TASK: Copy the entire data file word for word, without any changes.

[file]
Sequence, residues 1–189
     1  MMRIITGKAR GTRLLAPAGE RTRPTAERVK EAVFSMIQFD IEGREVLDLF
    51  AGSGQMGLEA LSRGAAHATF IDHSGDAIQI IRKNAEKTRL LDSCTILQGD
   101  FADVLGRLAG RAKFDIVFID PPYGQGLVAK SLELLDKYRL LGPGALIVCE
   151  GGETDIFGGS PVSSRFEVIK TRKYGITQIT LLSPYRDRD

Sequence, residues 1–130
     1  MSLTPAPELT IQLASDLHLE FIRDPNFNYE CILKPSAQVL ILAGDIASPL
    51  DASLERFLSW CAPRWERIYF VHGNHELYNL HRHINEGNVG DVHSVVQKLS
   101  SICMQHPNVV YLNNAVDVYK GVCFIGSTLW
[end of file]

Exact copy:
Sequence, residues 1–189
     1  MMRIITGKAR GTRLLAPAGE RTRPTAERVK EAVFSMIQFD IEGREVLDLF
    51  AGSGQMGLEA LSRGAAHATF IDHSGDAIQI IRKNAEKTRL LDSCTILQGD
   101  FADVLGRLAG RAKFDIVFID PPYGQGLVAK SLELLDKYRL LGPGALIVCE
   151  GGETDIFGGS PVSSRFEVIK TRKYGITQIT LLSPYRDRD

Sequence, residues 1–130
     1  MSLTPAPELT IQLASDLHLE FIRDPNFNYE CILKPSAQVL ILAGDIASPL
    51  DASLERFLSW CAPRWERIYF VHGNHELYNL HRHINEGNVG DVHSVVQKLS
   101  SICMQHPNVV YLNNAVDVYK GVCFIGSTLW